Stefanie Kappler is a PhD student at the University of St Andrews. Her research focuses on EU peacebuilding in Bosnia-Herzegovina in the light of the local forms of agency it encounters. Stefanie has published on questions related to peacebuilding, resistance, culture and legitimacy in Security Dialogue and Cambridge Review of International Affairs, amongst others.





Policing and democracy in Bosnia and Herzegovina, Dr Andy Aitchison and Jarrett Blaustein

The paper begins by sketching out a preliminary distinction between those police forms and practices which support the formation, development and maintenance of democracy (policing for democracy) and those processes and institutions through which police are governed which mean the police are themselves a democratic organisation (democratic policing). Key aspects of the last 15 or so years of internationally sponsored police reform are examined in light of this distinction. Finally, the recent work of Ian Loader and Neil Walker is used to interrogate the initial distinction between policing for democracy and democratic policing. This is preliminary work and we look to see if, after the establishment of basic forms of policing for democracy, developing forms of democratic policing might help build trust and stability in ways which support the long term stabilisation of the wider democratic polity.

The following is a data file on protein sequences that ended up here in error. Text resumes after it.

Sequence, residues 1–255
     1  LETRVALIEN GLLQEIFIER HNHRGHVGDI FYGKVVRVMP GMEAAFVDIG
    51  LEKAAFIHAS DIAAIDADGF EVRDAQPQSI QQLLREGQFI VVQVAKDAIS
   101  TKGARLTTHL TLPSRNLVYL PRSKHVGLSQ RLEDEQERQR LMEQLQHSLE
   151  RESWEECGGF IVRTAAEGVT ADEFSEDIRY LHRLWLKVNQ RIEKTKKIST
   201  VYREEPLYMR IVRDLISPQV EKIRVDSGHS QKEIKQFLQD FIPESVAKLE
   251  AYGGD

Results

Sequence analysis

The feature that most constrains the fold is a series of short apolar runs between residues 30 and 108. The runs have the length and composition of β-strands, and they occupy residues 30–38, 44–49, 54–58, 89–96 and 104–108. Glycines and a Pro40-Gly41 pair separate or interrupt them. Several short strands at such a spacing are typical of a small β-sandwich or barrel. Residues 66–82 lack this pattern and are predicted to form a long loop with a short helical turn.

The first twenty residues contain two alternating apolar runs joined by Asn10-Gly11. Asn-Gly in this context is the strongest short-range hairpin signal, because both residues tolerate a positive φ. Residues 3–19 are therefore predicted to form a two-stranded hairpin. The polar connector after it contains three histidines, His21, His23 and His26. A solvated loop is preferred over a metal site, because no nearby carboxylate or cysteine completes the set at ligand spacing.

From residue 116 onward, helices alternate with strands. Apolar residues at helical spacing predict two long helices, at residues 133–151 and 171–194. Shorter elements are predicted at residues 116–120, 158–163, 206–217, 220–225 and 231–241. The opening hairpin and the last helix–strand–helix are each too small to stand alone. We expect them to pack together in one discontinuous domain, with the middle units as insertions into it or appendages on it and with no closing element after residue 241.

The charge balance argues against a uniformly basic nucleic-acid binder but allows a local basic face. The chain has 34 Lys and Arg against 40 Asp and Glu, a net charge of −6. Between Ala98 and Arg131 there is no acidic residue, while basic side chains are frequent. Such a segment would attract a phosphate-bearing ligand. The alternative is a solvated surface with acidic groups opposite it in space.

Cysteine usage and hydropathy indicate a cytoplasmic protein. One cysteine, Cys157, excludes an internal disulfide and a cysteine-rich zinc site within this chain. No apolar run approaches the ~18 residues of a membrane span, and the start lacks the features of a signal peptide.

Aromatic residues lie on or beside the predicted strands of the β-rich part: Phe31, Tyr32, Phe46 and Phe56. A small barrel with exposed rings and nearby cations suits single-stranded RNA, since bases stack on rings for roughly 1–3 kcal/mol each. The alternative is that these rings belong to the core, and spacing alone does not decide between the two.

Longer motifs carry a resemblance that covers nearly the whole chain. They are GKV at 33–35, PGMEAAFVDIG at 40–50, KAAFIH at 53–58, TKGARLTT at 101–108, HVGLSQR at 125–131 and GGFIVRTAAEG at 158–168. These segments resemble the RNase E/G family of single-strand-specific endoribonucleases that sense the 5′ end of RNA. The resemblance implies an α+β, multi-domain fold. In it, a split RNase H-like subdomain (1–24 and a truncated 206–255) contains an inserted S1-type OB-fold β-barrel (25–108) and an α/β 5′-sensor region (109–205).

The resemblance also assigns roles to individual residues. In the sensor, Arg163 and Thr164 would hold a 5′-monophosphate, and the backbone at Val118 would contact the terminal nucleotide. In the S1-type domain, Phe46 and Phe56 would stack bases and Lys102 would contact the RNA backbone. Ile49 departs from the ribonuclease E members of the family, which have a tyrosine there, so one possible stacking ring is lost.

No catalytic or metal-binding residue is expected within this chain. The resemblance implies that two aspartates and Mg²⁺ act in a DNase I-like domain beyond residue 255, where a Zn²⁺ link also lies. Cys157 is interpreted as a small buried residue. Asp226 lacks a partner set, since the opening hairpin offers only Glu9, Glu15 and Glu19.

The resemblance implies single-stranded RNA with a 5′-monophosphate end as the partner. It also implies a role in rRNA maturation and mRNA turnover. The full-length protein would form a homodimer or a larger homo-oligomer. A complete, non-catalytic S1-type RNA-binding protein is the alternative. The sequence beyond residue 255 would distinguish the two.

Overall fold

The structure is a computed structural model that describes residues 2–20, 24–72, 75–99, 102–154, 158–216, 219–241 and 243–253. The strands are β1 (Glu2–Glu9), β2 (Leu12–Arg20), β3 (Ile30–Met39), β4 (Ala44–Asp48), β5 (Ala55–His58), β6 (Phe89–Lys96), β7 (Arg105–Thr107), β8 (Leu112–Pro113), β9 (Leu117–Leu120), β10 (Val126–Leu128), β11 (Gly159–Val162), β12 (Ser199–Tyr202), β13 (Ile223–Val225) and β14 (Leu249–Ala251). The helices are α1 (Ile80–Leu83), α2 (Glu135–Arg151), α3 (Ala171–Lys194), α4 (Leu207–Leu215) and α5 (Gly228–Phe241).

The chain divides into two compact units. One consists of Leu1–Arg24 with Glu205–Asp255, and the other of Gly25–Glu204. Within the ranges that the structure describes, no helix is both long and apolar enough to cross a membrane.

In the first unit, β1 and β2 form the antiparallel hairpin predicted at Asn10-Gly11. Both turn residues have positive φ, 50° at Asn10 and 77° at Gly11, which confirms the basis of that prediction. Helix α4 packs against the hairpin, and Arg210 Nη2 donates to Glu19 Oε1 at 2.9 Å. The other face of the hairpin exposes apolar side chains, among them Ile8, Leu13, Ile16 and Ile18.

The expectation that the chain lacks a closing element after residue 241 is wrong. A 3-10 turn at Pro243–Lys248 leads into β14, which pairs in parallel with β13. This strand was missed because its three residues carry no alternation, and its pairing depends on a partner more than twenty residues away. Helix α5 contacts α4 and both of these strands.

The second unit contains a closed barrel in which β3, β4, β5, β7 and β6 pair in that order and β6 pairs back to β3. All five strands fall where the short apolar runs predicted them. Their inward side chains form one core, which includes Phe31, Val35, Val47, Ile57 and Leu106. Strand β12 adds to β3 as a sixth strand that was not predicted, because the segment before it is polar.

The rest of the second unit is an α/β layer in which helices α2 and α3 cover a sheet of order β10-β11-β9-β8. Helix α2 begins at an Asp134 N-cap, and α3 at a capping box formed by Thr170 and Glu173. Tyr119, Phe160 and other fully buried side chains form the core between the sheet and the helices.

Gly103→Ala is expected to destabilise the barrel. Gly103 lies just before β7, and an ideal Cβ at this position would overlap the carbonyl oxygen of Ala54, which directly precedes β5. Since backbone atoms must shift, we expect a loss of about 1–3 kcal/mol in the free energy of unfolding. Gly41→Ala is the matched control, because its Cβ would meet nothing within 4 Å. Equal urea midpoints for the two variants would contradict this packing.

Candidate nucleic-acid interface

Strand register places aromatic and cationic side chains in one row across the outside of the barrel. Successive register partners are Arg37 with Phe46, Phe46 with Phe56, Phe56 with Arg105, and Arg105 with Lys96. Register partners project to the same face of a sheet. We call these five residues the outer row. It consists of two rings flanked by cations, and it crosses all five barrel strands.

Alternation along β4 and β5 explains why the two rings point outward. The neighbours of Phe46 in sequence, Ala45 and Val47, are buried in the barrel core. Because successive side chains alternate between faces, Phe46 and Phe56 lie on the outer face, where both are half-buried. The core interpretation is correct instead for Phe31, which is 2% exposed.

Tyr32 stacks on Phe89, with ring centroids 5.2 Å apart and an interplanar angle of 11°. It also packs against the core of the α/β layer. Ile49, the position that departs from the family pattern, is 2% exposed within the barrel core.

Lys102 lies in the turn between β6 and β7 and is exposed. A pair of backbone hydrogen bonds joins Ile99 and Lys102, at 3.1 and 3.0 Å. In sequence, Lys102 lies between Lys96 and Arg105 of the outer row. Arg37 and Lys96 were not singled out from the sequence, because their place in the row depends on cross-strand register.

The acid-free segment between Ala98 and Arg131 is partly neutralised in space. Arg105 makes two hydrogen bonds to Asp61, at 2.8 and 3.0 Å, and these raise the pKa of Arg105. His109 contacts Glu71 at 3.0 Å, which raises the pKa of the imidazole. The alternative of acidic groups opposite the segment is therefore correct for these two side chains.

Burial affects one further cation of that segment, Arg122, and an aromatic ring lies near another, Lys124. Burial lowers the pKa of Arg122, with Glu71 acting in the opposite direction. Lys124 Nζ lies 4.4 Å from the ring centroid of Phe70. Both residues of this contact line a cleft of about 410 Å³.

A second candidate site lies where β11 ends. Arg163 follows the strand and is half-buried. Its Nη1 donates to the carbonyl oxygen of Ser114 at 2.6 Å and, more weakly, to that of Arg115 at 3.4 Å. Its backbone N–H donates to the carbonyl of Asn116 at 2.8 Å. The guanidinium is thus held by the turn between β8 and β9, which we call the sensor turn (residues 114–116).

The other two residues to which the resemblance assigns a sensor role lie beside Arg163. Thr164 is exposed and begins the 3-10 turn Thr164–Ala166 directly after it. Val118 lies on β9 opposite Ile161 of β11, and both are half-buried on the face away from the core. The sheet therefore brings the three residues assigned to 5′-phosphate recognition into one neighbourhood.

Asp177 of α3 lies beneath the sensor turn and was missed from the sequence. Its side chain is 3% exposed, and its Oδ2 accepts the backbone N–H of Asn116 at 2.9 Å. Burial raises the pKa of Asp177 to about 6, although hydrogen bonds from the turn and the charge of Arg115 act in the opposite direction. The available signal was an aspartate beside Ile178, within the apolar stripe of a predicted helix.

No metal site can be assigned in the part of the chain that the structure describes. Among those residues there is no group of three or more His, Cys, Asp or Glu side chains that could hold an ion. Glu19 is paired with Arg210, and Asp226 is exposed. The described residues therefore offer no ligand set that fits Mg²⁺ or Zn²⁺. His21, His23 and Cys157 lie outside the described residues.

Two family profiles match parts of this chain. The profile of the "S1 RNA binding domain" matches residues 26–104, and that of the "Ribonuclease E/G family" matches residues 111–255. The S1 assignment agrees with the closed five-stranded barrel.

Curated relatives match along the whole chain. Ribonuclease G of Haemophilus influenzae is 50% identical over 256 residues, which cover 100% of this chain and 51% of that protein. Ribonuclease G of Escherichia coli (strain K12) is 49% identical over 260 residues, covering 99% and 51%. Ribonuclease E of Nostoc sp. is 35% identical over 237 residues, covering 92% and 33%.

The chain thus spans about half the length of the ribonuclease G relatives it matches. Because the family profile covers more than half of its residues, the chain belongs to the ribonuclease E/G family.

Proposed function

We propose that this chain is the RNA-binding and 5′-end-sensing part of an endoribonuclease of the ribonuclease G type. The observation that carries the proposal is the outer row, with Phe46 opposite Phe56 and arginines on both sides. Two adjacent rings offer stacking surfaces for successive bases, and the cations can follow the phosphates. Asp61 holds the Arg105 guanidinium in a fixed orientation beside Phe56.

Andy Aitchison is a lecturer in the School of Social and Political Science at the University of Edinburgh. His research has focused on post-war criminal justice reform in Bosnia and Herzegovina and in 2011 he published the monograph ‘Making the Transition: international Intervention, State-Building and Criminal Justice Reform in Bosnia and Herzegovina’.



Jarrett Blaustein is a PhD student in his final year at the University of Edinburgh School of Law. His research examines the role that intermediary and local actors play in actively shaping the police reform process in Bosnia and Herzegovina.





‘Citizenship and political communities in Bosnia-Herzegovina’, Dr Igor Stiks

In this presentation I analyse transformations of citizenship and political communities in Bosnia-Herzegovina in four periods. First, it is necessary to describe how Bosnian republican-level citizenship was defined within socialist Yugoslavia, where citizenship was bifurcated into the federal and republican citizenships immediately after the Second World War. In the second part, I analyse how and to what extent the citizenship question played a role in democratisation and fragmentation of the Bosnian political scene between 1990 and 1992 and how it was used as a tool of nationalist mobilisation. Furthermore, I describe re-definitions of Bosnian citizenship during the war (1992-1995). Finally, I attempt to scrutinise the structure and current functioning of Dayton Bosnia?s multi-layered citizenship since the Dayton Peace Agreement introduced two-layer (state-level and entity-level) and multiethnic citizenship (ethnically-based political participation).


Selected publications

Igor Stiks ‘“Being a Citizen the Bosnian Way”: Transformations of Citizenship and Political Identities in Bosnia-Herzegovina’ (2011) Transitions Vol. 51, No 1-2, pp. 245-267

Igor Stiks ‘From Disintegration to European Integration: Nationality & Citizenship in the Former Yugoslavia’ (2006) Southeast European and Black Sea Studies Volume 6, Issue 4, pp. 483-500